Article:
I gained weight recently and my BMI is currently 35. Will that disqualify me as a surrogate?

Most clinics and agencies will measure your BMI, which determines whether your weight is healthy for your height. The required BMI varies but is usually between 19 and 32. Still, if your BMI falls within the range of 33-35 and you meet all other requirements, some agencies and clinics may qualify you, but likely you will be asked to lower your BMI prior to transfer.

I suffered from postpartum depression after I gave birth to my first child. Does that mean I can’t become a surrogate? 

Generally speaking, previous postpartum depression is not a disqualifying factor, but that is something the psychologist who evaluates you will need to determine. 

Many surrogates who have a tendency for depression are not disqualified, so long as they’re not currently medicated. This matter is delicate and usually looked at on a case by case basis. The psychological evaluation will be the final deciding factor. So long as you are currently stable, fine and unmedicated, this is usually enough.

During my second pregnancy I had gestational diabetes, can I still become a surrogate?

If your gestational diabetes was under control during the pregnancy, most agencies and clinics will not consider this a disqualifying factor.

I had a gastric reduction operation 3 years ago. Is that a disqualifying factor?

If your BMI is within the required range, most clinics and agencies will not disqualify you for having a gastric reduction operation in the past. 

Can I qualify as a surrogate if I had one miscarriage in the past? 

Most clinics and agencies will qualify surrogates who already had children and no more than 2 miscarriages. And yet, if you had more than 2 miscarriages some providers may still consider you. That will depend mainly on all the other factors taken into consideration during the screening process.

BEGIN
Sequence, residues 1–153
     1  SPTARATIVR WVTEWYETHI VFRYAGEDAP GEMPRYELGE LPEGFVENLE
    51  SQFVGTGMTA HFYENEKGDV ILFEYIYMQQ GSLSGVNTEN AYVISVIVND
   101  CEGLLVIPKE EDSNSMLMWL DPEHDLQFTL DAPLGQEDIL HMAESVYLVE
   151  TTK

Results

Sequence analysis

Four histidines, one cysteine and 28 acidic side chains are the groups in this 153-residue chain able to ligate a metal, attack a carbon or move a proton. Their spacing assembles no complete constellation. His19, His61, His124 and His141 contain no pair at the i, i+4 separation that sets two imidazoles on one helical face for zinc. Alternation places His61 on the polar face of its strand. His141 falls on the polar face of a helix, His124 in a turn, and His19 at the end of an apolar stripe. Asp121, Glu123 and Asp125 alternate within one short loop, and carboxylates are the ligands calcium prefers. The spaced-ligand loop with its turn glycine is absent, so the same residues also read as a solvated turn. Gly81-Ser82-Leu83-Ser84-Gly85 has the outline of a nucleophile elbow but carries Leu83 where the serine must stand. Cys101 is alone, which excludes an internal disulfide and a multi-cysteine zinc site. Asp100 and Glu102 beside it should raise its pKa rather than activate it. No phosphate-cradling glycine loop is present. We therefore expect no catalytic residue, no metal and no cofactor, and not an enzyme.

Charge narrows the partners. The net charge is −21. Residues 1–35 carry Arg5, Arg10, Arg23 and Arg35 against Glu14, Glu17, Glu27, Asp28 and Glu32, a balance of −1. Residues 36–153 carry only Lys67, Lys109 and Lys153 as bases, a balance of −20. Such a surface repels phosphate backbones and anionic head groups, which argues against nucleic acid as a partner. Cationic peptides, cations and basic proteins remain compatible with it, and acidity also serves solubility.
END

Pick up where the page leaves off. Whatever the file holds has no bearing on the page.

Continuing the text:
I had one C-section, can I still become a surrogate?

Most clinics and agencies will qualify surrogates who had no more than 2 cesarean deliveries, but some providers may still consider you even if you had more than 2. That will depend mainly on all the other factors taken into consideration during the screening process. 

I gave birth to six healthy and beautiful babies. Will that increase my chances of qualifying as a surrogate?

Most clinics and agencies may not qualify surrogate candidates who’ve had more than 5 prior pregnancies, which means that surrogacy should be their 6th and final pregnancy. So, if you’ve already had 6 deliveries it's most likely you will not qualify as a surrogate. 

I've been diagnosed with preeclampsia. Can I still qualify as a surrogate?

Unfortunately, preeclampsia is a condition that could be dangerous to you and the baby you carry and if you developed preeclampsia once, you are likely to develop it in future pregnancies as well. For this reason, most clinics and agencies will not qualify surrogates with a history of preeclampsia.

Can I become a surrogate if I’ve been diagnosed with an incompetent cervix?

An incompetent cervix could lead to serious complications during the pregnancy, including miscarriage and premature labor. This is why most clinics and agencies will not be able to work with surrogates who have been diagnosed with this condition.

I’ve had heart surgery in the past, but I am currently in good health. Will I be accepted?

Having had certain surgeries makes you ineligible to be a surrogate, because it can pose a serious risk to your health. Unfortunately, a history of heart surgery is one of them. Remember - the surrogate’s health always comes first and agencies and clinics will never jeopardize it. 


Feel like you could qualify as a surrogate?